All of which is by way of an introduction to what I had hoped to deal with in three posts, but which will take more, and that is how a high Anglican such as myself, with a high doctrine of the sacraments, can accept that women can be ordained. More soon …

Apostolic

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In Acts 1:24 when a successor to Judas is being mooted, Peter talks about those who accompanied Jesus during his earthly ministry. We know that included among those were many women from what Luke tells us, and that some of these women actually provided the funds to enable Jesus and his followers to live while ministering. That tells us something about the relationship and the role played by women. In that sense they fulfilled one of the requirements to be an Apostle – that is they had been part of the ministry. But they did not, and could not, fulfil the requirement to be a replacement for Judas. The “twelve” represented the twelve tribes of Israel, and only men were allowed to do that, indeed, only Jewish men were allowed to do that. While, in the early Church, the requirement to be Jewish would be gradually abandoned, the requirement to be male was not.

Did that mean that women were not “Apostles” or does it mean that there is more than one sense in which that word could be defined? If we take Luke’s stricter sense, that is being eligible to succeed Judas, the answer is clear enough. But that is not the only sense in which the word is used, not least by the man who often gets a bad rap from feminists, Paul. In his first letter to the Corinthians, in which he claims the title for himself, he defines the role as one who spreads the Gospel of Christ, and we know from Luke, and from Paul himself that women did this. Indeed, rather more than that in some cases, as we know that the very first witness of the risen Lord was one of the women Luke mentions as helping support Jesus and his ministry. It is often asssumed that the seventy two who get sent out were all men, but there is no actual warant for that except the (male) assumption that they must have been men. Yes, the Greek word leads us to that conclusion, but the Greek language has an adrocentric bias, and there is no reason not to read “men” as in some English phrases where “men includes women.”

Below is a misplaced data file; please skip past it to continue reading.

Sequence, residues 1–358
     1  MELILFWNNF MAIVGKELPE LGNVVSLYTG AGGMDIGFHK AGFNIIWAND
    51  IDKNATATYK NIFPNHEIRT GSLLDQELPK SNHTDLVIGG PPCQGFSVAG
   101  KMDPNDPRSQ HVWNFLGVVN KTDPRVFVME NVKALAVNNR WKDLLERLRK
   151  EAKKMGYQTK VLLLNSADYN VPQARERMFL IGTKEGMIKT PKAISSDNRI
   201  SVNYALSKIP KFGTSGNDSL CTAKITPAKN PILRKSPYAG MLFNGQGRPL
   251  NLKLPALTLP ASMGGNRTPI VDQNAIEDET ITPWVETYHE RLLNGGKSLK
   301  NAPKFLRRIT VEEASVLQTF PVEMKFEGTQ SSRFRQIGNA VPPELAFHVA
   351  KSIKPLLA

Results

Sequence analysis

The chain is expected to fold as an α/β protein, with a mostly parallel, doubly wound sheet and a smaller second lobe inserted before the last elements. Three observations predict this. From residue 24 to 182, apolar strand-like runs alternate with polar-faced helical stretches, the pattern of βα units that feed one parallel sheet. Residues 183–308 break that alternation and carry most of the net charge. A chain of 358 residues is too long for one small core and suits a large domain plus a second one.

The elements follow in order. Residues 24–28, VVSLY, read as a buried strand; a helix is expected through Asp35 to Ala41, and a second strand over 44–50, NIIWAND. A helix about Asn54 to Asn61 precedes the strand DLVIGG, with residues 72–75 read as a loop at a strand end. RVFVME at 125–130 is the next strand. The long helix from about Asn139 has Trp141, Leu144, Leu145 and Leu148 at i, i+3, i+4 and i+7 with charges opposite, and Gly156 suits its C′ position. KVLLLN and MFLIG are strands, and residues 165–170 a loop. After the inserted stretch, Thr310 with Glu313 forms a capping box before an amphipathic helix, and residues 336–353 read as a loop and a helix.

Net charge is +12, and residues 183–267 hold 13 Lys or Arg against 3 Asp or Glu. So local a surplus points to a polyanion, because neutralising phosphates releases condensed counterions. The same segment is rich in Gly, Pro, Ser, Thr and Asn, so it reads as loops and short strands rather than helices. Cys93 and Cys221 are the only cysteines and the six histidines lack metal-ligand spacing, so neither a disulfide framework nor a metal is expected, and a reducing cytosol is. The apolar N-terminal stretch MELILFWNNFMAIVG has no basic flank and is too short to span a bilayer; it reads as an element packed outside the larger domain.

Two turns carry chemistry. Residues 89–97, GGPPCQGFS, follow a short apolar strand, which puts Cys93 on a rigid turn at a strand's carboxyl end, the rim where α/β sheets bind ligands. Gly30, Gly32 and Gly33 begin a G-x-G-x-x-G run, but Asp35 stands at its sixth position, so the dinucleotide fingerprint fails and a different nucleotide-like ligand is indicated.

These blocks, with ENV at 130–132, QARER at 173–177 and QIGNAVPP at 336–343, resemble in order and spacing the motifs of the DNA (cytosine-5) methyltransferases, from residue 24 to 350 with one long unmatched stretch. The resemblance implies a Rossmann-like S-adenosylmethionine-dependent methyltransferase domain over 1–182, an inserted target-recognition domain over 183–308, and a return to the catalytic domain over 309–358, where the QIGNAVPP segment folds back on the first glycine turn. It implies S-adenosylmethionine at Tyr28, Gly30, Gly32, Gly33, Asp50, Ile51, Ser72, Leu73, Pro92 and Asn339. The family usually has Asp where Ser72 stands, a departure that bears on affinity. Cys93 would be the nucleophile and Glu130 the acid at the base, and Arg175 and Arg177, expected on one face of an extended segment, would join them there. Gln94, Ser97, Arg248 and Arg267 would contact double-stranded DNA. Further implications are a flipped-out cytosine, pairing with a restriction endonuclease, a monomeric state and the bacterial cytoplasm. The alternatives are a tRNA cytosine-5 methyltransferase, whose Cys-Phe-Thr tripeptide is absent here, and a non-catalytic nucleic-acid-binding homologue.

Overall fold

Paul clearly regards being an Apostle as important, he stresses it often enough for us to be clear that it cannot be read loosely. It involves encountering the risen Christ and receiving the commission to spread the gospel, with all the sufferings that involved. It was certified, so to speak, by signs and mighty works. Junia, as an Apostle, must be said to fit this description, and given what Luke and Paul says about the role women play in the early church, the only occasion for surprise is that this has been ignored and, yes, suppressed for so long.

That last may seem harsh, but how else to characterise an historic position which, when the name was “Junias” and therefore male, accepted that “he” was an apostle, but when it was established that the name was female, argued that she was just “known to the Apostles”? There is, for those who want the detail, an extensive discussion of this in Epps’ book on Junia cited by C451, and also in Richard Bauckham’s excellent and scholarly (i.e. too deep for me in many parts) “Gospel Women” (2002) which goes into an extensive discussion of the koine Greek by experts in the use of the language.

In short, with Junia we are back to church tradition – ironically. It is later commentators, not the Church Fathers usually cited by those defending tradition, on which those defending “Junias” rest; they might ask whether there is any other case in which they’d prefer a twenth century source to a Church Father, and if not, why they feel the need to do so here. Chrysostom wrote:

To be an apostle is something great, but to be outstanding among the apostles – just think what a wonderful song of praise that is! They were outstanding on the basis of their works and virtuous actions. Indeed, how great the wisdom of this woman must have been that she was worthy of the title of apostle.